What Campers Need to Know for Summer - The RV Advisor

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Bugs, Sun, and Water: What Campers Need to Know for Summer

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Bugs, Sun, and Water: What Campers Need to Know for Summer

The weather’s gorgeous, and camping is even better

As the temperature rises, people start to emerge from their homes like flowers pushing out of the soil. Both are embracing the warm weather, the sun, and the promise of life that abounds through the fertile months. More getaways are planned, more food is grilled, and more fun is had, worry-free of weather. But where people tend to go wrong is not planning properly. Mother Nature can still wreak havoc on your plans. Here are our tips for preparing for the unexpected.


We assume that because the weather is splendid where we live, it will be gorgeous where we camp. That’s not always the case, because the temperature varies depending on altitude. It’s always a good idea to pack extra blankets and a variety of clothes just in case the weather takes a turn.

Along with changes in the weather, we should plan for plenty of time in the sun. This means we will want to have an abundant supply of potable water nearby so that we can stay hydrated and replace the fluids that we lose.

Many people fail to plan, and they forget essential sun protection items like sunscreen. If you’re planning any length of time in the sun – and let’s face it, you’re camping so there will be plenty of sun – make sure you take along the right type of sunscreen to combat the negative effects of sun damage on your body.

Nights may be cold or hot, days may be scorching or overcast. There’s no real way for you to know what the weather will bring, so be sure to plan for all possibilities.


Bugs. We hate them but can’t live without them. However, this doesn’t mean that you have to treat them as welcome guests in your camp.

You can reduce the chance of having issues with bugs by not camping near stagnant water, but you’re never going to find a completely bug-free location. This is where bug spray is your best friend. Go wild with it! Spray yourself, your campsite, the outside of your tent. This is one way you can deter bugs.

Another way is to make sure food is covered and take care of your trash, so it doesn’t build up and invite pests.

Consider the type of lighting you’re using. You can hang a bug zapper, but instead, consider using yellow or orange lights near your camp and white lights in the distance. White light will attract the bugs in greater numbers than yellow light will, so you can manage where the bugs linger at night.


Swimming is a major pastime during the summer, but foreign water poses hidden dangers like currents that are waiting to grab you by the ankles and drag you downriver.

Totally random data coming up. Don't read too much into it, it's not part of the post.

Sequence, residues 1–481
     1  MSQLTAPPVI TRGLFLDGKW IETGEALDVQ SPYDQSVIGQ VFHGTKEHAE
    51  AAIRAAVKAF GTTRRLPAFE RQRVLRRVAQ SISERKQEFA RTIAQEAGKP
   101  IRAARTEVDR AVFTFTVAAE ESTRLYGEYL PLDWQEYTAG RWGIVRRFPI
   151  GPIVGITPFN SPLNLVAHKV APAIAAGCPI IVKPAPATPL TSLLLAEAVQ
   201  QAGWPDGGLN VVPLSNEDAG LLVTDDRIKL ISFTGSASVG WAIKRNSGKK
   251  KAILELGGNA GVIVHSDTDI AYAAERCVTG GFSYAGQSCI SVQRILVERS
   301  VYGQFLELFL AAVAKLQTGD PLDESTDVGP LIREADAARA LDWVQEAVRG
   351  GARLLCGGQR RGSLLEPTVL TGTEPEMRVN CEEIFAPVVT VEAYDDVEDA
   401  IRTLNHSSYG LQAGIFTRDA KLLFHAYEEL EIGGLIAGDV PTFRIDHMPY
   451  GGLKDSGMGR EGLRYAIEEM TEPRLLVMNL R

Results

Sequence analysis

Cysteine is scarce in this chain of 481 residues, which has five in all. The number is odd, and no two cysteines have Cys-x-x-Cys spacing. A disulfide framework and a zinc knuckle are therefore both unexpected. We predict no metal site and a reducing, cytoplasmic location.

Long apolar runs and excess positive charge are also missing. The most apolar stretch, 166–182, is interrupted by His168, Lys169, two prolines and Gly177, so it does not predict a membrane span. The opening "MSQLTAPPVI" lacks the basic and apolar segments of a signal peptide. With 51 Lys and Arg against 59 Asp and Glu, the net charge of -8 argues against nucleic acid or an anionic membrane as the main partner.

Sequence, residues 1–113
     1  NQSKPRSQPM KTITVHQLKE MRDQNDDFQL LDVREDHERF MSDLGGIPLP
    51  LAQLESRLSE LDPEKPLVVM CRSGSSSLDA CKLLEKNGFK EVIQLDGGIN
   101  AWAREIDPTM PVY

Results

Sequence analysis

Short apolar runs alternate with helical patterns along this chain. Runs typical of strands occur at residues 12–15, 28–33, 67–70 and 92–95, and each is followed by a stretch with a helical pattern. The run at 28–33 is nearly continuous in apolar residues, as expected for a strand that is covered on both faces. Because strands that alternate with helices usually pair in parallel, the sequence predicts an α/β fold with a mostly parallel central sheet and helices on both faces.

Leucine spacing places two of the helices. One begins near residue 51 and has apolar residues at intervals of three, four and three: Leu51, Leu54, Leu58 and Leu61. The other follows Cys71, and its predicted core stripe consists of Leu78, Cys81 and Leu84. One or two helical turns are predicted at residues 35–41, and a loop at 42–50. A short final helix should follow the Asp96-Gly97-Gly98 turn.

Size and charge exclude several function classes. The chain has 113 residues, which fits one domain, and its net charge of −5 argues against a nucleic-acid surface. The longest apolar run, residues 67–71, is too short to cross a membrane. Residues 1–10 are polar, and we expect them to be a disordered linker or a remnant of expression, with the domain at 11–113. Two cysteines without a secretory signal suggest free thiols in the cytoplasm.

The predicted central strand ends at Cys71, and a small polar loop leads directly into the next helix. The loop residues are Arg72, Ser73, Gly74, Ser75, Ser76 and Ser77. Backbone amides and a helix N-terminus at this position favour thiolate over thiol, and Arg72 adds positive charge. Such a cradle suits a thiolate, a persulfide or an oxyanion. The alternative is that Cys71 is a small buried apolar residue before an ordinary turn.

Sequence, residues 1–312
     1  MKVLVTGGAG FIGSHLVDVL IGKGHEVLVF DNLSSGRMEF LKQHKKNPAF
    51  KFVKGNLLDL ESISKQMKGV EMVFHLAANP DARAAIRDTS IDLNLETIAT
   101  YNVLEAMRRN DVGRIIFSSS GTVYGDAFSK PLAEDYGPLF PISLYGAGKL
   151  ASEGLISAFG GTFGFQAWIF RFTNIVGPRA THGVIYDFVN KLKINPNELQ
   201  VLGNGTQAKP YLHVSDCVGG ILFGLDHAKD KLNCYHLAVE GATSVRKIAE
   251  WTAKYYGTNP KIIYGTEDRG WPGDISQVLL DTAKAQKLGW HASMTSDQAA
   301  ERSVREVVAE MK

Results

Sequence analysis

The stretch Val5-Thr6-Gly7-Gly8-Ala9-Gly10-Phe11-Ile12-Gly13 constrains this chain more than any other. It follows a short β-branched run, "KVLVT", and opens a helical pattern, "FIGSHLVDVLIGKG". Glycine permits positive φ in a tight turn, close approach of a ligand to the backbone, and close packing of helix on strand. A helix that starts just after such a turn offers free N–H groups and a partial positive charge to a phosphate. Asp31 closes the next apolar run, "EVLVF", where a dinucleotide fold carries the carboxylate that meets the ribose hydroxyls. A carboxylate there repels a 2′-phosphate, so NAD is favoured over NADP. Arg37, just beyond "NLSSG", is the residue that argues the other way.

Depending on where you’re camping, it’s a good idea to know what kind of animals you may be exposed to while swimming. Research the area beforehand to help you determine your safety in the water. It’s important not to swim alone until you know where dangers lurk. You may also want to bring along life jackets to add a layer of protection in uncertain waters.

Many people also bathe in lakes and rivers, but that doesn’t mean it’s safe for the environment. While you may not think of it when you’re dipping your head underwater to rinse out all the shampoo, those chemicals are raising havoc with aquatic life.

If you’re planning a lengthy stay at a campsite and aren’t bringing a portable shower, be sure you invest in environmentally friendly soap and check to see if washing in bodies of water is prohibited where you’re staying.

Other considerations

What’s camping without a great campfire? When camping, the fire is your responsibility. One accident could lead to catastrophic events for local families and wildlife. Practice extreme caution when you’re camping with a fire. Make sure the fire is fully doused before going to bed or leaving your camp so accidental fires don’t ravage the campsite.

Also, remember to use firewood collected or bought locally. Bringing wood not local to the area can introduce foreign pests and diseases to local forests.

Finally, check fire safety where you’re camping. It’s very possible it’s been dry lately, and there could be a ban on starting a fire due to potential hazards.

Camping in different locations is definitely a perk for RVers. If you love exploring different campgrounds, then you’ll love the perks of being a member with the RV Advisor. Our members have access to advice on where the best campsites are as well as 10 percent off camping in KOA campsites!

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